Peace Corps recruiter encourages College students
March 18, 2011
The Peace Corps experienced a 16 percent increase in national volunteers last year, continuing the upward trend seen over the past five years. To continue such advancement, Peace Corps Recruiter Alison McReynolds gave a short presentation at the College of William and Mary’s Sherman and Gloria H. Cohen Career Center Wednesday.
McReynolds described the organization’s two-year post-graduate program that takes volunteers to all corners of the earth to do public service and encourages the study of other cultures.
Volunteers of all ages and from a variety of backgrounds get involved in the organization through a lengthy application process. If accepted as volunteers, they are assigned a project in a certain area of the world, trained for three months in a country in that part of the world, and then expected to work for two years in a community. Unlike other service organizations, the Peace Corps provides volunteers to communities and programs that have specifically requested them.
Students from each social class attended the session, ranging from freshmen to seniors, all interested in joining the Peace Corps for different reasons.
“I [feel as if] it would be a great way to help people and learn languages,” Rachel Faith ’14 said.
Faith cited the large number of College students in the Peace Corps as another reason for her interest. According to McReynolds, the College is ranked as the eighth highest producer of Peace Corps volunteers in the nation amongst medium-sized schools.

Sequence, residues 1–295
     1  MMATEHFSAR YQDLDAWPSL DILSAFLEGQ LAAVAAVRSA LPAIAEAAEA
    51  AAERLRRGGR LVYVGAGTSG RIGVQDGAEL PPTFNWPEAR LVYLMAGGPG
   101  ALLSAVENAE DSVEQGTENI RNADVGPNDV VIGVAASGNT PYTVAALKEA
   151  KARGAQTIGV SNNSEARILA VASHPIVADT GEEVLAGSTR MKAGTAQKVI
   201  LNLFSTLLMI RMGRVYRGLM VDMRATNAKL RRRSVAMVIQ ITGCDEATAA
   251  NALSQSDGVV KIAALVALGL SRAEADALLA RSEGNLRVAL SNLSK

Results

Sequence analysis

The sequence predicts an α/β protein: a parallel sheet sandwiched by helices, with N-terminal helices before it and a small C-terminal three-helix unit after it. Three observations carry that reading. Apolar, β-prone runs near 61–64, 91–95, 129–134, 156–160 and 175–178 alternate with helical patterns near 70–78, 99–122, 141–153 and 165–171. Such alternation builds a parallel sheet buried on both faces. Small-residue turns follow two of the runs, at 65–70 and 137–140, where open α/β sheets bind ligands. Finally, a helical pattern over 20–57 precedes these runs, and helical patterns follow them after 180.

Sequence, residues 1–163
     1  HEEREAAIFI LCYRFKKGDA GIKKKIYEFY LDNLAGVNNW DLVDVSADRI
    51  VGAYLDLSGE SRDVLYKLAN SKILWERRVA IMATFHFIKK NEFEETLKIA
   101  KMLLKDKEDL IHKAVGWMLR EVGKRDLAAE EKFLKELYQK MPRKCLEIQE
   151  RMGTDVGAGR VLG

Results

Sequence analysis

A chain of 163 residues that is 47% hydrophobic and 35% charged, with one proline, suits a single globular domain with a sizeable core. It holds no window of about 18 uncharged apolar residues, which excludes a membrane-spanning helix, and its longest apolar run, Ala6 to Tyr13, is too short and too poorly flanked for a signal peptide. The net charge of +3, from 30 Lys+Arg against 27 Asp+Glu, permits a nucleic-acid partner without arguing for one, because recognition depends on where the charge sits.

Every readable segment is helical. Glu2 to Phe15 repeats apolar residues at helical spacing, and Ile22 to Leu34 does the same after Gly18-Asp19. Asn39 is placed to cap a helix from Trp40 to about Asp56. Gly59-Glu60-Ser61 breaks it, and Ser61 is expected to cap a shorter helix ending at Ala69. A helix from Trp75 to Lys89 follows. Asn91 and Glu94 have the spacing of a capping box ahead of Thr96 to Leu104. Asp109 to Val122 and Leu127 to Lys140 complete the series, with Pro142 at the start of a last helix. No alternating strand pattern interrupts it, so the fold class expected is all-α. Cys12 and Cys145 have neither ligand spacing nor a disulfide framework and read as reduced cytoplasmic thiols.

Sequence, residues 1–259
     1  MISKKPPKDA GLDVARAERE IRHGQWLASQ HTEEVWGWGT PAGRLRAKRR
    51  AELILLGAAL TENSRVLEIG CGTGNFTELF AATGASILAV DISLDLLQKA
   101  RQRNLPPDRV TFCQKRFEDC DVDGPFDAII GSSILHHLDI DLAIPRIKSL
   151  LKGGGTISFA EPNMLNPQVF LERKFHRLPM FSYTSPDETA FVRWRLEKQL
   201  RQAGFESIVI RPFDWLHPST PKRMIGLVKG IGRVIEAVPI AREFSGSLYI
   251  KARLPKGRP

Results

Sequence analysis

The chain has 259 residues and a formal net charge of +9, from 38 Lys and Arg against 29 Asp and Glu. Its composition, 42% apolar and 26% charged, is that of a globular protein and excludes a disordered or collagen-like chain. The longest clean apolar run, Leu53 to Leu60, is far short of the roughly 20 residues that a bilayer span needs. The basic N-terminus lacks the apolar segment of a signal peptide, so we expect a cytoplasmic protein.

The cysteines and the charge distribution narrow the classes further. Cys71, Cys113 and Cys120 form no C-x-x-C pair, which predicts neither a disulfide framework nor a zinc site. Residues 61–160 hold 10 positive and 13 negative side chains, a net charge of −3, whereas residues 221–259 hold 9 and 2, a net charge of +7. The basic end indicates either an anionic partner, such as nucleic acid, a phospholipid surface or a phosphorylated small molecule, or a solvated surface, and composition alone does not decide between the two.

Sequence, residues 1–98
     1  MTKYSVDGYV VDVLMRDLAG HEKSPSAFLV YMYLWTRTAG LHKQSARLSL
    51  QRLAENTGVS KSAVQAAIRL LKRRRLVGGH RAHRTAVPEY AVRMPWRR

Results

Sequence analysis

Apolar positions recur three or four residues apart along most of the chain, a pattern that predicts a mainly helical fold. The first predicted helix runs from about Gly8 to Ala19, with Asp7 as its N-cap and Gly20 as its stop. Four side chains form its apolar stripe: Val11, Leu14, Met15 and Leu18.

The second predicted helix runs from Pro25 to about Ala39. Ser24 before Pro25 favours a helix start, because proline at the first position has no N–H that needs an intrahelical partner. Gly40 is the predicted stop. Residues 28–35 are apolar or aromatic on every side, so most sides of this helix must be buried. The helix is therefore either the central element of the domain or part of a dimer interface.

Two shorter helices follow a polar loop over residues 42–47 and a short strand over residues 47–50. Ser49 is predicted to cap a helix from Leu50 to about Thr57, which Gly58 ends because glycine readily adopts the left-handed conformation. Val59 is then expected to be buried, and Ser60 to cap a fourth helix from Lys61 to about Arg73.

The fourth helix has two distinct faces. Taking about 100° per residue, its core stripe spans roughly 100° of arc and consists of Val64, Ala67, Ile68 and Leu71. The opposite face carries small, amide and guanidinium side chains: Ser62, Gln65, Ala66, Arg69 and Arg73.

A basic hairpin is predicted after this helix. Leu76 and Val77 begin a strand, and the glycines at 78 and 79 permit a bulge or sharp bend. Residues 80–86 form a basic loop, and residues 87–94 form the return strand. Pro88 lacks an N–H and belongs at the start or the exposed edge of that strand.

Currently, 41 College alumni serve as volunteers. According to the presentation, this is approximately one out of every 150 College undergraduates.
McReynolds, a former Peace Corps volunteer, spoke openly about her experience, in addition to describing the Peace Corp application process.
“For the first time, I felt a part of the community; I had done something that mattered to them,” McReynolds said.
McReynolds, now a regional recruiter for the Mid-Atlantic Region, served in the Peace Corps in Mauritania from 2008 to 2009 and in Liberia from 2009 to 2010. Describing her own experience in Mauritania, she talked about the challenge of leaving everything familiar behind. The high point for her, however, was organizing an Earth Day event in Mauritania as part of an environmental education program. She was specifically thanked by the mayor of the town for changing the way people thought about the environment.
“It is absolutely life changing,” McReynolds said. “It also strengthens a resume.”
The presentation, which began with a recruitment video, covered everything from the different programs the Peace Corps offers to the daily struggles and rewards of working in an impoverished community overseas.
The Peace Corps, an organization created in 1961 by President John F. Kennedy, sends Americans to over 139 different countries to live and work in impoverished communities. The mission of the Peace Corps is both to provide other countries with trained men and women to work in all kinds of jobs and to promote a cultural exchange between Americans and citizens of other countries.
The organization has six main areas of focus: education, healthcare and HIV/AIDS prevention, business development, environment and youth development.